Table 3 - Mining Cost using cheapest daytime electricity rates
|Big 6 - Average||1,948||4,867|
What about off-peak rates?
Should you consider switching to an Economy 7 tariff?
Off peak rates offer unit prices that can be up to 70% cheaper that standard variable day rates. With mining difficulty set to increase - something built into the bitcoin algorithm - then it will become increasingly more energy intensive and expensive to mine bitcoin. It is therefore important to secure the absolutely lowest possible unit prices and switching to an Economy 7 tariff may be the way to do this.
It is difficult to know how profitable bitcoin mining at small scale really is. Given the rate at which new mining capacity is being added it strongly suggests that industrial scale mining is a very profitable business indeed, particularly in those countries where electricity costs are relatively much cheaper, such as China. But on a small scale the data is patchy.
However, even if domestic mining of bitcoin is profitable now one thing is for sure. The difficulty in mining Bitcoin will increase over time. The Bitcoin algorithm is designed to produce a constant amount of Bitcoin every 10 minutes. The difficulty of solving the computational problems therefore has to increase in order to adjust for the rate at which problems are being solved. Basically, this means that the more miners that join the mining network, the harder it gets to mine Bitcoin successfully.
Remember that electricity consumption for Bitcoin mining has quadrupled over the last year. Given that the most recent CPUs added will be more efficient than the older CPUs implies that the number of mining CPUs is growing faster than electricity consumption, possibly much faster. As such, if small scale mining is profitable now, it will become less so in future unless CPU efficiency grows in line with mining difficulty (or unless the price of Bitcoin keeps rising to compensate for the increase in difficulty). But even if CPU efficiency does increase to offset increases in mining difficulty it will only help the bitcoin miner if they are constantly replacing their rigs with the most efficient units available and that is not practical on a small scale. Inevitably therefore one needs to ensure that electricity costs are as low as possible to ensure mining stays profitable.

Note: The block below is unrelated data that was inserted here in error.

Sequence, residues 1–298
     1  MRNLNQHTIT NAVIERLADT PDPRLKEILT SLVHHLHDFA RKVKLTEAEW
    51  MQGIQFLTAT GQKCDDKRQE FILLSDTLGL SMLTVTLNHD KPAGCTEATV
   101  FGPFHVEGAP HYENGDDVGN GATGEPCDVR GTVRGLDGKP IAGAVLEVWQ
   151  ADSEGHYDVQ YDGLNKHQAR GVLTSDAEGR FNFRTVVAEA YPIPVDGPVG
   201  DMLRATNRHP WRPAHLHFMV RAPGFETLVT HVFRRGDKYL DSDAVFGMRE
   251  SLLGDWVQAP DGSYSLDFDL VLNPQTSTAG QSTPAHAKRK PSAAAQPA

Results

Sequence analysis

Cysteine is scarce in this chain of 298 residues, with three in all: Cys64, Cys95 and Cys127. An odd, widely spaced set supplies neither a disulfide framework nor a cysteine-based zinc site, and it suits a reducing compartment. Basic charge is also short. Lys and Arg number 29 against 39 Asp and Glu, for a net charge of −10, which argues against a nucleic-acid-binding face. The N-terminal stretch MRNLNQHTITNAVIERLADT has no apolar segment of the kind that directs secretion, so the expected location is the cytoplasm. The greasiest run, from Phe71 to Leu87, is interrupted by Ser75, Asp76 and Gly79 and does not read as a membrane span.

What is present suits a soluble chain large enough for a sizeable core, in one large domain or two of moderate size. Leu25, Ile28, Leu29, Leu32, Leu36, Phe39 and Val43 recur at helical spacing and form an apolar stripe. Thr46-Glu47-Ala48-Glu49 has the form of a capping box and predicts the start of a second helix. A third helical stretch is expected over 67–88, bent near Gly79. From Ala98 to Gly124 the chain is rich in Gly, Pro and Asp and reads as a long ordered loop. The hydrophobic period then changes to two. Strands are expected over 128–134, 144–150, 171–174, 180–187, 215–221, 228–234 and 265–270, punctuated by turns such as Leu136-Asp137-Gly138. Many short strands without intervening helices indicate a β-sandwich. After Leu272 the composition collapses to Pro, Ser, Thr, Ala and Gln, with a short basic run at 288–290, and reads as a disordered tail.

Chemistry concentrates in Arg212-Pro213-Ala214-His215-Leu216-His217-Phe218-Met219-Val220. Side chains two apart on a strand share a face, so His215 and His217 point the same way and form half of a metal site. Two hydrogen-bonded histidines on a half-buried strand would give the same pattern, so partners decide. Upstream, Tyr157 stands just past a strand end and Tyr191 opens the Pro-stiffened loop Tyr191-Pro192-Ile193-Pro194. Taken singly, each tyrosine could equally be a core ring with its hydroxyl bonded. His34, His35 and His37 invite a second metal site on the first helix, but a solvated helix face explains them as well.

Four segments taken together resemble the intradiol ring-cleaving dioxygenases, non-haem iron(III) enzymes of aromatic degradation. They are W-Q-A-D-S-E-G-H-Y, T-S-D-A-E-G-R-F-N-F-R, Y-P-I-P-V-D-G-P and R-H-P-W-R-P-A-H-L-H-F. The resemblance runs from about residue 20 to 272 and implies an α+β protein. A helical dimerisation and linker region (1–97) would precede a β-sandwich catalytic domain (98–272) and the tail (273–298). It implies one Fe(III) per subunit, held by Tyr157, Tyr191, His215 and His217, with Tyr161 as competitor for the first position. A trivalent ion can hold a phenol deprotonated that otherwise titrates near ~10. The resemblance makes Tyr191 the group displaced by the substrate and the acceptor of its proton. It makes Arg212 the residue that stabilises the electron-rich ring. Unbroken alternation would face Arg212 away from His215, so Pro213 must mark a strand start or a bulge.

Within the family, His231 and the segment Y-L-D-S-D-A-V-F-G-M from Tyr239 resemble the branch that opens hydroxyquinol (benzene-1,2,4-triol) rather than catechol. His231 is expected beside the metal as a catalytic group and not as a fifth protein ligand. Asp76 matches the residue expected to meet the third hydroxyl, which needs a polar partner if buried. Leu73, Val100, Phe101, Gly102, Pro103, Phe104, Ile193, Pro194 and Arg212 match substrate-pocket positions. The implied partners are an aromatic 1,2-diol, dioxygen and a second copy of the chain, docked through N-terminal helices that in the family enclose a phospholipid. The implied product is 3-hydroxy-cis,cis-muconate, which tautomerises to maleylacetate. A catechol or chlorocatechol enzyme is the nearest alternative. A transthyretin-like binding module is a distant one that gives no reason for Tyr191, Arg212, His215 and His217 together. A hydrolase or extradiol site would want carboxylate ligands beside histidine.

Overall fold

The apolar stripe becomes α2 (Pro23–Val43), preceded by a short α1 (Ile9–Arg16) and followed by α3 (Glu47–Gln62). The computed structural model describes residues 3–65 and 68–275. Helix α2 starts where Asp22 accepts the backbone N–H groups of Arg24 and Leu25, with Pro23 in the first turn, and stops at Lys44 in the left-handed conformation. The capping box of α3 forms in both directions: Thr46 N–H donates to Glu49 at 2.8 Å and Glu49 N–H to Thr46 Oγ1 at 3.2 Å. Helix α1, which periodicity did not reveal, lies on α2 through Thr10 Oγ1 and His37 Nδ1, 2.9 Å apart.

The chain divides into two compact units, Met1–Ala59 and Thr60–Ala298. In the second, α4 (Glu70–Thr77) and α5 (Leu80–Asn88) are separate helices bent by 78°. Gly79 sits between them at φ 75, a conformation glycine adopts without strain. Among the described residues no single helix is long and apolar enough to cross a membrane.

The best way to really get the unit cost of electricity down is to move to a time of use tariff and only run the rig during off peak rates when energy prices are lowest. The upside is that costs are much lower. The downsides are two-fold;
1. You can only participate during off peak hours - typically 7 hours during the night - so your overall mining revenue will be lower.
2. Economy 7 tariffs offer cheaper night rates but usually charge more for daytime usage, so you need to consider not just what you will save on mining at night but also any off-setting increase in costs from higher day rates.
Table 4 compares the costs of running a miner during off peak hours at the cheapest off-peak rates compared to the running the same miner at the same time but paying regular SVT rates. The absolute saving is smaller because the rig is only being run for 7 as opposed to 24 hours but the percentage saving is a staggering 70%. That is because you are cutting the unit rate from 16.2p/kWh to only 4.9p kWh.
There is also a certain irony in the results.
Firstly the cheapest night rate unit is actually an SVT provided by one of the Big 6.
Secondly, the rate is determined not by competitive forces but by regulation. The tariff in question is a prepayment tariff where the rate is partially set by a prepayment price cap designed to protect vulnerable customers. Ironically the prepayment cap is actually offering bitcoin miners the opportunity to get ultra-cheap electricity for profitable gain. We wonder how many miners are vulnerable customers.
Table 4 - Mining Cost using cheapest off-peak electricity rates
|Big 6 - Average||568||1,420|
Joe Malinowski, founder of award winning energy price comparison website TheEnergyShop.com commented.
"If you are mining Bitcoin, or planning to, you are going to need electricity and lots of it. Being on the right tariff is therefore critical otherwise you could be spending hundreds if not thousands over the odds. No point making money on the one hand if you just end up giving it all back to your energy supplier right?"
Joe Malinowski continued.
"Off peak (Economy 7) tariffs can offer unit prices up to 70% cheaper that standard variable day rates and so cannot be ignored. Rather ironically the cheapest Economy 7 rates currently on offer are regulated prepayment rates from one of the Big 6. Legislation designed to protect vulnerable customers may be helping grow profits for bitcoin miners."
Joe Malinowski concluded.
"Overall electricity costs will vary depending on factors such as where you live and your overall usage profile. Doing your research is important. Work out how much energy you will use and make sure you compare energy prices before switching,"